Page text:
Instructor Diversity: Is it Good for You?
Instructor Diversity:
Is it Good for You?
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Instructor Diversity: Is it Good for You?

Kevin Sandlin

By Kevin Sandlin
Chief Pilot, Prevailance Aerospace

Within the aviation community, no two pilots are alike. Each has strengths and weaknesses, good and not-so-good techniques, and their own combination of skills, experience, and instinct. Which pilot is better? To quote Gordo Cooper in The Right Stuff, “Who’s the best pilot you ever saw? Well, you’re looking at him!” pretty much answers that question.

No two instructors are exactly the same either. Each has different strengths and weaknesses that highlight the diversity of their own flying and instructing experiences, and that’s exactly why it’s important to vary the instructors with whom you train. It’s important to glean the valuable lessons that only training with a variety of instructors can bring to you. Even the FAA agrees that pilot diversity is important with a primary focus on experience that is directly relevant to the needs and goals of the training pilot.1 A diverse instructor cadre helps to validate that you are getting the best training you can and ensures robust skills development.

Flying with instructors who have a wide experience base also broadens your horizons to the different types of aviation that exist. Each instructor brings a wealth of experience specific to his or her background. You may fly with a former military pilot who has a determined intensity after consistently returning to an aircraft carrier in the middle of the night after combat missions. Maybe you are learning from an Alaskan bush pilot who truly understands what it means to hug the mountains in low visibility, extremely low temperatures, and high elevation. Either would work, along with myriad others who have unique experiences in aviation.

If your instructor comes from a military background, they developed their skills in an environment of very strict discipline. They learned early that not only can their life depend on doing things a specific way, but that squadron mates’ lives – or the lives of troops on the ground – may hang in the balance as well. Of course not everyone needs to train in this type of environment, but having an instructor with a military background can definitely complement your training.

But, maybe this type of intensity is not right for you and you would prefer the experience of someone who has released jumpers out the back of an airplane? There’s an instructor out there who can teach you to be on your line, on altitude, on time, to flip the light to green, bring the flaps all the way down, and crack the throttle back to on speed for those tumbling out of your airplane. And then, that instructor can teach you to race the jumpers (safely, of course) to the ground to get the next load.

Maybe instead you have your eyes set on flying for the airlines or a sweet corporate gig taking the C-codes all around the globe. Maybe your passion is teaching new young aviators for a living, or maybe even working for the FAA as an inspector!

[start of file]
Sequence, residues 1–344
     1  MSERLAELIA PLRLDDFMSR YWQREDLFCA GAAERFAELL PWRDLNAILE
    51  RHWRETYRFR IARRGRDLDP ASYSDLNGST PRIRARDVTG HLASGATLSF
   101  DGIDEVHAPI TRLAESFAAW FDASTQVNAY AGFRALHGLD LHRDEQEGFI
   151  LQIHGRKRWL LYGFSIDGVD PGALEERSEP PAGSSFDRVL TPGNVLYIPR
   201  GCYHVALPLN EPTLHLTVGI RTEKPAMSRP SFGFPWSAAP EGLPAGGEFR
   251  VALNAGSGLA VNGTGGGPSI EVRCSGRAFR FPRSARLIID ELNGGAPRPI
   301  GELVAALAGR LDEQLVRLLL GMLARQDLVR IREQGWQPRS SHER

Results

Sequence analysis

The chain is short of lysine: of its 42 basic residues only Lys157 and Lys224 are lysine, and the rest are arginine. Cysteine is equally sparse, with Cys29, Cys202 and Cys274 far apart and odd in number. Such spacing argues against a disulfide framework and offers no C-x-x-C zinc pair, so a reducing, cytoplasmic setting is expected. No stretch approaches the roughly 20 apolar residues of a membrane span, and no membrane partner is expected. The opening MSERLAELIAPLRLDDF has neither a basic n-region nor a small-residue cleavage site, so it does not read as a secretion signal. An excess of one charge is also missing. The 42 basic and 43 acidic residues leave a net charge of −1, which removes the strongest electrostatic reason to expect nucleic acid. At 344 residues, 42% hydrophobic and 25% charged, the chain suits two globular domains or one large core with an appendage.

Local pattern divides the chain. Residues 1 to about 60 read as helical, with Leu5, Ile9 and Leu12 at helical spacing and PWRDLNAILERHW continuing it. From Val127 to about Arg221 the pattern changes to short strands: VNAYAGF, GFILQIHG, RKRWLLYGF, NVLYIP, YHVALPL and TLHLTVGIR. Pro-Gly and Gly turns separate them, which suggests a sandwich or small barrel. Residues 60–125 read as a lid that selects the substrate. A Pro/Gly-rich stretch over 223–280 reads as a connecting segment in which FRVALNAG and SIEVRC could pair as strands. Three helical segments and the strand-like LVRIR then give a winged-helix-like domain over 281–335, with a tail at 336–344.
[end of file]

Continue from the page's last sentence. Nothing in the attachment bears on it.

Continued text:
There are so many different types of instructors out there. Every one of them has a story, and (if they are a good instructor!) a commitment to impart what they know to every student. “The most important questions to ask when choosing an instructor are not the ones you ask the instructor; they’re the ones you ask yourself after an introductory meeting or demo flight with the potential instructor.”2 If you are not getting what you need from your current training environment, something has to change.

Another significant point is that even the worst instructor can give you new insight. There are instructors who, through poor example, showed you what not to do with an airplane. You may have said to yourself, “I will never respond to my students or other pilots the way that instructor did.” There are lessons to be learned from every instructor out there; hopefully most of them are good ones!

So, don’t limit yourself to just one instructor. Fly with different people, in different airplanes, in different environments. Get your glider rating! Learn to fly a seaplane or get upset prevention and recovery training. Always push yourself to learn something from every instructor with whom you fly. Experience is an excellent teacher, but it doesn’t always have to be your own personal experience. Learn from the wealth of experience that a diverse instructor cadre brings. That experience might just save your life.


References
1 Best Practices for Mentoring in Flight Instruction. (2016, January 20). Retrieved November 29, 2017, from https://www.faa.gov/training_testing/training/media/mentoring_best_practices.pdf

2 Bergqvist, P. (2012, March 2). Flight Instructors: Finding One That Soars. Flying Magazine. Retrieved November 29, 2017, from: https://www.flyingmag.com/training/learn-fly/flight-school-finding-right-instructor


Prevailance Aerospace Prevailance Aerospace
Prevailance Aerospace is a UPRT provider that has been working with corporate, government, and general aviation pilots to improve safety in the aviation industry. Prevailance Aerospace uses Extra 330LXs for training and our pilots are experienced aviation professionals from various military and general aviation backgrounds. We know that successful aviation endeavours are accomplished through an uncompromising commitment to safety, impeccable professionalism, tremendous attention to detail, and constant improvement.
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